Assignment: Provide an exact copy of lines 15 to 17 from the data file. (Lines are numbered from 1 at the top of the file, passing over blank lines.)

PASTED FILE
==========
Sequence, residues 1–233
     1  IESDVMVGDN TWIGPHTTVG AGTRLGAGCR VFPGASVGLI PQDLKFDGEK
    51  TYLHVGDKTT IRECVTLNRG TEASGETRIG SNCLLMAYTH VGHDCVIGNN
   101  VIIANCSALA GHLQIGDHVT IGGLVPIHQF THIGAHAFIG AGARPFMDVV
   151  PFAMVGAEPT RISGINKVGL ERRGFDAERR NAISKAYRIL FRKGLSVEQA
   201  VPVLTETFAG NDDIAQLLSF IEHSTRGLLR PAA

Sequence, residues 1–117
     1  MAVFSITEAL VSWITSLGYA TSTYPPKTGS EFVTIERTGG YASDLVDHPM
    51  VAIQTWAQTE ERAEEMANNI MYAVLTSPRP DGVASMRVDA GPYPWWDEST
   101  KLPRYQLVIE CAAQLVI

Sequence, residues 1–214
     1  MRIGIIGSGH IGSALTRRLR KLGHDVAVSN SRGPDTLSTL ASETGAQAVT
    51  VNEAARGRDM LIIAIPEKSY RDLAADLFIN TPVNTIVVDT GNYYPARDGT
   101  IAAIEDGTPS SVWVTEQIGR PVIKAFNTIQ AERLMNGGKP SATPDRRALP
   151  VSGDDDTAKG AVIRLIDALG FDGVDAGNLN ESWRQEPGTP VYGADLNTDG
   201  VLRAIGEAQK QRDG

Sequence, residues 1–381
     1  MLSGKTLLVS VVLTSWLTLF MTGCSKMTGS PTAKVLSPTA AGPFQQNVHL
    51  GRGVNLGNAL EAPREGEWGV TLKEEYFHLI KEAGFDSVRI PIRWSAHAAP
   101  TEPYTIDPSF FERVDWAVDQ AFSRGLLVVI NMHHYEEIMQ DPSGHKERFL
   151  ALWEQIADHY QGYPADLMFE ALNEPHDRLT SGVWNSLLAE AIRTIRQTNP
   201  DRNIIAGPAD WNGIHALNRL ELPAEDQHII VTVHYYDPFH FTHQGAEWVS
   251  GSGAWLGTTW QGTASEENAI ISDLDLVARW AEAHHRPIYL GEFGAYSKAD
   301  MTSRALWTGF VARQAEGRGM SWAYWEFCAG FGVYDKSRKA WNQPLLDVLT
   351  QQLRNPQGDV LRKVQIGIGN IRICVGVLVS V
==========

   151  VSGDDDTAKG AVIRLIDALG FDGVDAGNLN ESWRQEPGTP VYGADLNTDG
   201  VLRAIGEAQK QRDG

Sequence, residues 1–381